9. D&D Pathfinder (Sasserine)
This game was run just for Josh and me, though Alex participated in one session.  He quit after his character was slain by city guards when he pulled his weapon and attacked someone within view of the guard house.  (It really was the logical thing to happen, the guards coming to arrest him for committing murder within their sight, but he resisted, and was ultimately killed, which he felt was unfair.)  That left just Josh and me (and my character’s gargoyle familiar) to figure out how to escape the quarantined garbage island in the archepelligo of Sasserine.  Memorable moments include intentionally distracting a rooftop courrier who slipped and broke his leg and then taking over his job, holding up a local pawn broker for a gem, and “nobody here but us chickens!”

10. D&D 3.5 (Creature Catchers)
I know I’m not twelve, but this adventure was really enjoyable!  It was based on the idea of collecting magical creatures and battling them, rather than the PCs fighting.  (Yes, that does remind you of something.)  I successfully caught a chameleon, served me well in my battles, and whom I dubbed “Bloodmaw.”  Josh got his butt whooped by a snake during his first attempt to capture a creature.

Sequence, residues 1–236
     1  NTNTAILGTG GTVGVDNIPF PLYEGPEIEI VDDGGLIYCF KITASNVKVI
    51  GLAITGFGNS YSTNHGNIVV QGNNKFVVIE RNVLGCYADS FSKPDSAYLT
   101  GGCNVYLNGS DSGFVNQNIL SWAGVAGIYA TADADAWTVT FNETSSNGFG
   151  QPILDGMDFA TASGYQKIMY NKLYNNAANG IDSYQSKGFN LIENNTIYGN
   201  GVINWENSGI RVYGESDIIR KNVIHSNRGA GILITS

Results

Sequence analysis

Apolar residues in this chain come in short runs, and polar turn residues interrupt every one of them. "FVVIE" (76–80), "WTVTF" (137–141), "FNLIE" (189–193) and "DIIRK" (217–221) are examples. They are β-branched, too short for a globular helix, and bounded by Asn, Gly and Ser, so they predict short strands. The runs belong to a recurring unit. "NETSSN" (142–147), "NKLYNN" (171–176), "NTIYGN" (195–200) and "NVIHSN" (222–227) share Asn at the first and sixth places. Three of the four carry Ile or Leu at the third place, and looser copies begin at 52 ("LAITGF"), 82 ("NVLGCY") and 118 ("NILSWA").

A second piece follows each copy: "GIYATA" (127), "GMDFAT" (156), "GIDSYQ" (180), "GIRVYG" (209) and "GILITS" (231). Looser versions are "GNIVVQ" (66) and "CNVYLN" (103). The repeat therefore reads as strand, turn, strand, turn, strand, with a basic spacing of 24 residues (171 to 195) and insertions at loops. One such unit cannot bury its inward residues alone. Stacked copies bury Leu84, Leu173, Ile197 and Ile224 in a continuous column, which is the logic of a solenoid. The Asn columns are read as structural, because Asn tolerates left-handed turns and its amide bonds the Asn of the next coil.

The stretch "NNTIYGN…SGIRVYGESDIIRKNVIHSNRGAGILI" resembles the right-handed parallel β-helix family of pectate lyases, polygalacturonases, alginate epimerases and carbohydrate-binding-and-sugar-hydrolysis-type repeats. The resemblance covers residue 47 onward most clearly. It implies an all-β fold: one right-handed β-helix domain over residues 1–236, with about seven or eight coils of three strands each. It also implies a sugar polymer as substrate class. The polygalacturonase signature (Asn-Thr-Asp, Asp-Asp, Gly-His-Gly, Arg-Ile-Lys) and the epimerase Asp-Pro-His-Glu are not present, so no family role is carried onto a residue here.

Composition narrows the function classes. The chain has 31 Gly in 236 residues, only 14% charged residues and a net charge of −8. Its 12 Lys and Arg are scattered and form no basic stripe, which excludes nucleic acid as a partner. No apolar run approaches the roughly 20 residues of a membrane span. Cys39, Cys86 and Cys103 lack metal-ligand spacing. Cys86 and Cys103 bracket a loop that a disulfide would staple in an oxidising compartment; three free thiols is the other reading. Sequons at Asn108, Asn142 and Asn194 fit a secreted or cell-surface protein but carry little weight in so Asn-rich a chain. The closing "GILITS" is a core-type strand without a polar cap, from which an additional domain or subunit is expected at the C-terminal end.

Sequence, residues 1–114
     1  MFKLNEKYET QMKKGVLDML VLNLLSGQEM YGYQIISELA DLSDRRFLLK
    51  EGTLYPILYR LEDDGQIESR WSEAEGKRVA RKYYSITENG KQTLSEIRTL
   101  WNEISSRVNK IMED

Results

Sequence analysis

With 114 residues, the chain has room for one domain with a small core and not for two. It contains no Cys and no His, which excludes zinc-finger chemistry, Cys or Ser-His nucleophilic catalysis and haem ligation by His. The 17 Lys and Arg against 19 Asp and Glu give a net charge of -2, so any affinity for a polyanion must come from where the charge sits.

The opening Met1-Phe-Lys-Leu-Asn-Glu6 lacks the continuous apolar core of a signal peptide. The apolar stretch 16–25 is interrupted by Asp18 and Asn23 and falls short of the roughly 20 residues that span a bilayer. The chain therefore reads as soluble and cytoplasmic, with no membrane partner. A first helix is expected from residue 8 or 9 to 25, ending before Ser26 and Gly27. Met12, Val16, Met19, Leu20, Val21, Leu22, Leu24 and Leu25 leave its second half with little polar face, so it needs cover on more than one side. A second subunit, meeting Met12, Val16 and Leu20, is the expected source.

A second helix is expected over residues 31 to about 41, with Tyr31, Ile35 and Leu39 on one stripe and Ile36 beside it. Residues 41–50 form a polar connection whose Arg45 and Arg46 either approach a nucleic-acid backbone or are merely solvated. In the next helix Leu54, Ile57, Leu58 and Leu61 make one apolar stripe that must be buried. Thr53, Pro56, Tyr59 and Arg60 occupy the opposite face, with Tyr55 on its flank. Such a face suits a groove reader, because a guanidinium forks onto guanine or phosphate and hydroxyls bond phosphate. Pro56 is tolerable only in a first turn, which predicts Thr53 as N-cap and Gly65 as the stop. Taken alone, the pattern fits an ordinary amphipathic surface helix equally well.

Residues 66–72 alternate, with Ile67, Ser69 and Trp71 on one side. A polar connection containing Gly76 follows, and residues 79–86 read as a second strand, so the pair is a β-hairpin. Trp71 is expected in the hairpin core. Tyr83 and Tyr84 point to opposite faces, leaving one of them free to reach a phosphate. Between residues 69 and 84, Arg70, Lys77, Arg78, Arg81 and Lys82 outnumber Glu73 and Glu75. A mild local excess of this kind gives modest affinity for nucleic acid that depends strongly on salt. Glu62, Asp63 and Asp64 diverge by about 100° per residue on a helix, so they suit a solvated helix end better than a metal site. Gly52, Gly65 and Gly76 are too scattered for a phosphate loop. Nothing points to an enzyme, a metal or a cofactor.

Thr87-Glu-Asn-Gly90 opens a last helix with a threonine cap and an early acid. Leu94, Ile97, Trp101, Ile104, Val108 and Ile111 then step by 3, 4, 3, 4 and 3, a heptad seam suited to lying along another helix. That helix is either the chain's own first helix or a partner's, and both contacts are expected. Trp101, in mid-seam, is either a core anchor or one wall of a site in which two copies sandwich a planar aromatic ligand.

11. Witchcraft (Nick & Lelani)
This was the most role-play rich game I’d experienced since that night on my kitchen floor.  Our first session included exactly one die roll, which resulted in the incredibly satisfying demise of the bad guy (who had been abducting and ritually sacrificing children) at the business end of a chainsaw.  That session was easily four hours long.  I loved this campaign and these characters so much I almost ache because we never finished the campaign.  Josh quit gaming and left us in the lurch.

12. D&D 4e (Count’s Carnival)
This was another campaign that died on the vine when Josh quit gaming.  The world was magic-limited in that most fantastic creatures were rare and hard to find, most magical races had been hunted or bred out and so were also rare, and it was hard to find magic users at all.  I managed to come up with a plausible back story and was rewarded with the opportunity to play a half-orc who started out with a name, but later came to be known only by his nickname: Thug.  Thug was extremely distrustful of “tricksy magic users.”  His travelling companion held absolute sway over him, and was the only magic user he ever trusted.  The purpose of the campaign was to travel the world to collect a carnival full of fantastic creatures for the Count to keep as his own personal menagerie.  Memorable moments include the completely unscripted fight with an owl-bear (the GM hadn’t intended for us to engage it), and continually knocking said owl-bear unconscious in order to pack it home and cage it up to add it to our collection.  This game was so much fun, my husband has given me permission to ressurrect it for one of the groups I’m GMing.  I’ve taken his concept of a magic-limited world where creatures are rare, and we will be hunting for them to create our own little zoo, but everything else will be of my design.

13. D&D Pathfinder (Orphanage)